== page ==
The Churches of Ilocos Norte and Ilocos Sur
Living reminders of a colonial past ensure an unforgettable road trip
Both Ilocos Sur and Ilocos Norte are extremely popular tourist destinations. Their infrastructure is very good, native delicacies abound and a variety of local handicrafts provide memorable souvenirs.
The region is also renowned for its heritage churches and structures. They say that when traveling, the journey is as significant as the destination. Nowhere is it more true than in this unique patch of Northern Luzon where almost every town has something to offer.
Before the city of Candon – roughly over 300 km from Manila – is Sta. Lucia, formerly known as Dumangague. The church here is worth a visit since it is the only one in the Ilocos region with a dome.
Candon, 61 km south of Vigan, also makes a wonderful pit stop. A major hub, it boasts bustling food chains and snack stands that allow travelers to restock munchies for the rest of their trip. Candon Church is another tourist magnet. Originally built in the 1700s, it has undergone several renovations due to earthquakes and the wear and tear of time. The interiors reveal paintings of the 20 mysteries of the rosary on canvas by Redentor Castillo, which were unveiled in 2007 and measure almost 150 feet long.
Halfway between Candon and Vigan is the town of Santa Maria that features Santa Maria Church perched on a hill and accessed by an impressive staircase. Declared a Unesco World Heritage Site in 1993, the sturdy brick structure served as fortification back in the Spanish times.
Vigan, established by the Spanish colonizer Juan de Salcedo in 1572, is a favourite base for travelers to explore the surrounding countryside. Recently voted one of the New 7 Wonders – Cities of the World, along with Beirut, Havana and Kuala Lumpur among others, Vigan has worked tirelessly to preserve its image as a cultural gem. Downtown, Crisologo Street has been maintained as closely as possible to its original state. A major tourist area, nearly the entire street is lined with shops showcasing furniture, souvenirs and handicrafts. Vigan Cathedral, erected in 1790, retains most of its original features despite several renovations. It has 12 ornately carved altars.
From Vigan, quick trips to two more heritage church sites, Bantay and San Vicente, are easily possible. The Bantay Belfry, which served as a watchtower, is now a popular attraction that invites visitors to climb to the top and enjoy a panoramic view of the area. (Pictured on page 25, Travel Section opener.)
With the Ilocos region prone to earthquakes over the centuries, bell towers were often built away from the main church since these were usually the first casualties due to their smaller base and superior height.
The baroque style church in the quaint town of San Vicente was built in 1795. Despite a series of renovations, it has kept an unmistakable old world charm.
Heading north towards Laoag from Vigan, the small town of Badoc with an interesting heritage church beckons. The church’s façade has been painted and renovated, and the unique “earthquake baroque” buttresses – a term coined especially for Philippine churches due to the country’s propensity for earthquakes – along the side walls remain an outstanding feature.
Back on the national road, one reaches Paoay, famous for the St. Augustine Church. One of the most recognisable in the country, its distinctive architecture is said to resemble the Javanese style found in Borobudur Temple. Equally unique are the 24 massive buttresses – each about 1.67 meters thick. It was completed in 1710 but underwent repairs after the earthquakes of 1865 and 1885. In 1993, it was designated a Unesco World Heritage site.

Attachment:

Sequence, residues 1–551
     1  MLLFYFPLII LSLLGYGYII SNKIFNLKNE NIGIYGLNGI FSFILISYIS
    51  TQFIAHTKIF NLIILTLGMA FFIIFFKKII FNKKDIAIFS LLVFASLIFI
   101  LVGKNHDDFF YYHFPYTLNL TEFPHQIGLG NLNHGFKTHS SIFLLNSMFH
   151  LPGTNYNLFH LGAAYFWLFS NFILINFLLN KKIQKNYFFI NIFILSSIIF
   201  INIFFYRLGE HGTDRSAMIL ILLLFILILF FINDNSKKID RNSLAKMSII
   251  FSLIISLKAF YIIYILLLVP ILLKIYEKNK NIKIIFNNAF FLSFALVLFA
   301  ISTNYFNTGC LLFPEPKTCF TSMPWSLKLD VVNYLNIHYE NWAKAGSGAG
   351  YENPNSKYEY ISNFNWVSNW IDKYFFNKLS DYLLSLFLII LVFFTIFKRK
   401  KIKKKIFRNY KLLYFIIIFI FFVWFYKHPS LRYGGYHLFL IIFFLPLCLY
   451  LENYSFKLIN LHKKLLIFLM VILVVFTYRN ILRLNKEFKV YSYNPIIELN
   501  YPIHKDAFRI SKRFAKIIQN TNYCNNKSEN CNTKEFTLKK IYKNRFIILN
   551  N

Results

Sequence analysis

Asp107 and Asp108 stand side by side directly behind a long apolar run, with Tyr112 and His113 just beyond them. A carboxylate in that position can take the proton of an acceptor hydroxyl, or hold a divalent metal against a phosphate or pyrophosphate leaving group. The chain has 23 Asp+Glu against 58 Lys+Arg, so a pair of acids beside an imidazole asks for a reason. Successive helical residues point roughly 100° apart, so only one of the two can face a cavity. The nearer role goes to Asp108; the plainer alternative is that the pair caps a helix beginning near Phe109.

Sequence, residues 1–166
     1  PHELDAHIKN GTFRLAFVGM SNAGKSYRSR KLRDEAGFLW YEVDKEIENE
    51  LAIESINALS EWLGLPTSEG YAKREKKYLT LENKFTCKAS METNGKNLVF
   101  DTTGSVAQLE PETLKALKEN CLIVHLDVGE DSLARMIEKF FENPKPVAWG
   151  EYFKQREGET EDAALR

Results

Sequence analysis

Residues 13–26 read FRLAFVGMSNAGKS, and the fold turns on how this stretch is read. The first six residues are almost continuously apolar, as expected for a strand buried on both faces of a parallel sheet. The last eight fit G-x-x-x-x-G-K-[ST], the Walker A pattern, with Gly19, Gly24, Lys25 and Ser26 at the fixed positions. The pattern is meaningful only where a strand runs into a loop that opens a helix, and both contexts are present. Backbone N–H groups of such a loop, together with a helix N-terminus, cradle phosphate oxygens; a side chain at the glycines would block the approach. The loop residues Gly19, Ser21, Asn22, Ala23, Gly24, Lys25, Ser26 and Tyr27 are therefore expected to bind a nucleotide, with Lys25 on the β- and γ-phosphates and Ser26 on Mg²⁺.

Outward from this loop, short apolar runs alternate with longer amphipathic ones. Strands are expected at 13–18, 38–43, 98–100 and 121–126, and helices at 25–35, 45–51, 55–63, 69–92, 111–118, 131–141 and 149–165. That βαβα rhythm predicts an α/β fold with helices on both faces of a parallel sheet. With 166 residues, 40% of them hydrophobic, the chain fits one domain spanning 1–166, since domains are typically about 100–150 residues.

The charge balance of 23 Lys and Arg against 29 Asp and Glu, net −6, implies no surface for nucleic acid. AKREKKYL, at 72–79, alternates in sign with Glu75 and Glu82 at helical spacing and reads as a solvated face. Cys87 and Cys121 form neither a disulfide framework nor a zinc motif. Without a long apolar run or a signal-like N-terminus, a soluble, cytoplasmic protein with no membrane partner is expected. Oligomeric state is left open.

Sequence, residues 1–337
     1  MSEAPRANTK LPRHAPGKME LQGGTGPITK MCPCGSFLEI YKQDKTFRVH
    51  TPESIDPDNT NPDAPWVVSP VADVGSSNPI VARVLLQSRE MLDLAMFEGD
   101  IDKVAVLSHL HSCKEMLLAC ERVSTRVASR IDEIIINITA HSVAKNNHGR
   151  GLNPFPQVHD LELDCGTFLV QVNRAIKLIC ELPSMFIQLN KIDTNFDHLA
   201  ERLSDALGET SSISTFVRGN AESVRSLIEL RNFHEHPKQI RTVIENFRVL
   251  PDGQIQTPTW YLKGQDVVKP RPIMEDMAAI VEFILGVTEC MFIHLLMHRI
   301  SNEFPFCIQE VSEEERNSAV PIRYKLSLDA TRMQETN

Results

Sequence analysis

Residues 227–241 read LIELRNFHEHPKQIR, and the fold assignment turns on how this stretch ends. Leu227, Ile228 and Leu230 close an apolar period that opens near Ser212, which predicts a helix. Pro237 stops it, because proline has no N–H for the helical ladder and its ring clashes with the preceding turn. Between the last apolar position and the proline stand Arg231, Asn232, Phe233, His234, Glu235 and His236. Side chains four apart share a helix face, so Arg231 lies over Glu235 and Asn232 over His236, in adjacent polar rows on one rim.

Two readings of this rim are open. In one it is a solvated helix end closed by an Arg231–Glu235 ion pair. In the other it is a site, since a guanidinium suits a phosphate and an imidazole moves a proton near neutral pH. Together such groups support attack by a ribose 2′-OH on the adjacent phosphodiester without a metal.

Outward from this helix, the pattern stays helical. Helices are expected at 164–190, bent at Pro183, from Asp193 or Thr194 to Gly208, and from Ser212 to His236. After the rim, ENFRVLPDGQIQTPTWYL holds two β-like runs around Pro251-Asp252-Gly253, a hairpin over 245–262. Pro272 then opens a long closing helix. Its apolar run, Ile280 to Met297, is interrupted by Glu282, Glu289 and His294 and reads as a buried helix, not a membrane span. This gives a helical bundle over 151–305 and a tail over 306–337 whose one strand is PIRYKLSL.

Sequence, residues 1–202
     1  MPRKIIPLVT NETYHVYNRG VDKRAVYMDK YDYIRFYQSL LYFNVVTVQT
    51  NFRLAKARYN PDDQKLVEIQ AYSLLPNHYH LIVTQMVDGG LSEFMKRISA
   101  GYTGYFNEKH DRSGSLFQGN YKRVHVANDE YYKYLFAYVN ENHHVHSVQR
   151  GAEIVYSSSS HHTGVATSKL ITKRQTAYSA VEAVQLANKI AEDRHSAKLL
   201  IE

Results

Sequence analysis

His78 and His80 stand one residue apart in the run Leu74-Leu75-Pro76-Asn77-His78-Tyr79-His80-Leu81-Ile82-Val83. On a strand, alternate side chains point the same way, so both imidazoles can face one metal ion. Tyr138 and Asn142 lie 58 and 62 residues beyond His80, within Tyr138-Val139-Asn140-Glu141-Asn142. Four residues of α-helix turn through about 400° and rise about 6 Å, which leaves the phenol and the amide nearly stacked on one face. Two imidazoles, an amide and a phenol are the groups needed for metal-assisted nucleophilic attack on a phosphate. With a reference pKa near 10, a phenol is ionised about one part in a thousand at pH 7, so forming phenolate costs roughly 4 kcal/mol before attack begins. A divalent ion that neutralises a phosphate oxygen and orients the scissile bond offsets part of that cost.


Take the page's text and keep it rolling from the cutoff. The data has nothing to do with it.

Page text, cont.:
Laoag City is the capital of Ilocos Norte and its political and commercial center. Many people opt to fly to the city from Manila to avoid the long eight-hour car trip. The church of Laoag is likewise a heritage jewel that has undergone several reconstructions due to damage by fire and earthquakes. The current structure was repaired in 1873 and restored in 1880. Its bell tower, located 85 meters away, is said to be sinking due to the sandy foundation.
About 7 km east of Laoag lies the town of Sarrat, where one finds the largest church in the province. Built in 1779, Santa Monica Church has one of the longest naves in the country. The interior features great wooden trusses, most of them dating back to the 18th century. The adjacent convento was converted into a museum.
Also to the east of Laoag is the small town of Piddig. Its heritage church is located atop a small hill in a beautiful open area. Sadly, the building was recently decommissioned due to deteriorating structural integrity.
Traveling further north, one reaches the town of Bacarra where the bell tower of St. Andrew the Apostle Church clearly shows the ravages of earthquakes, the most recent one inflicting further damage. To highlight what is left of their heritage, the local leaders converted the ruins into a tourist attraction, using spotlights to enhance the area.
These are but a few of the old Roman Catholic churches to be found in the Ilocos region. When one stands in front of these magnificent reminders of our heritage and faith, one cannot help but be filled with awe, marvel at their sheer bulk and wonder: how did they do it?
Without benefit of modern construction equipment, the missionaries, side by side with the locals, toiled to build these churches. Construction took many years of hard work: each block of stone hewn to an exact measure, and primitive cement that would last centuries made from, among other things, crushed seashells, eggshells and egg whites.
Even as the missionaries shared their knowledge of architecture, the Filipinos surprised them with their craftsmanship and artistry in creating these edifices of both faith and culture – lasting treasures indeed for generations to enjoy.